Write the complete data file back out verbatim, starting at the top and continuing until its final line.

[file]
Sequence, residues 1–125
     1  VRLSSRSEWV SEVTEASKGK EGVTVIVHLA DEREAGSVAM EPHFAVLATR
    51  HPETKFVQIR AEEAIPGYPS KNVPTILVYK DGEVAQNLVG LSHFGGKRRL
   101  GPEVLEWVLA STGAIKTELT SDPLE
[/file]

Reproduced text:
Sequence, residues 1–125
     1  VRLSSRSEWV SEVTEASKGK EGVTVIVHLA DEREAGSVAM EPHFAVLATR
    51  HPETKFVQIR AEEAIPGYPS KNVPTILVYK DGEVAQNLVG LSHFGGKRRL
   101  GPEVLEWVLA STGAIKTELT SDPLE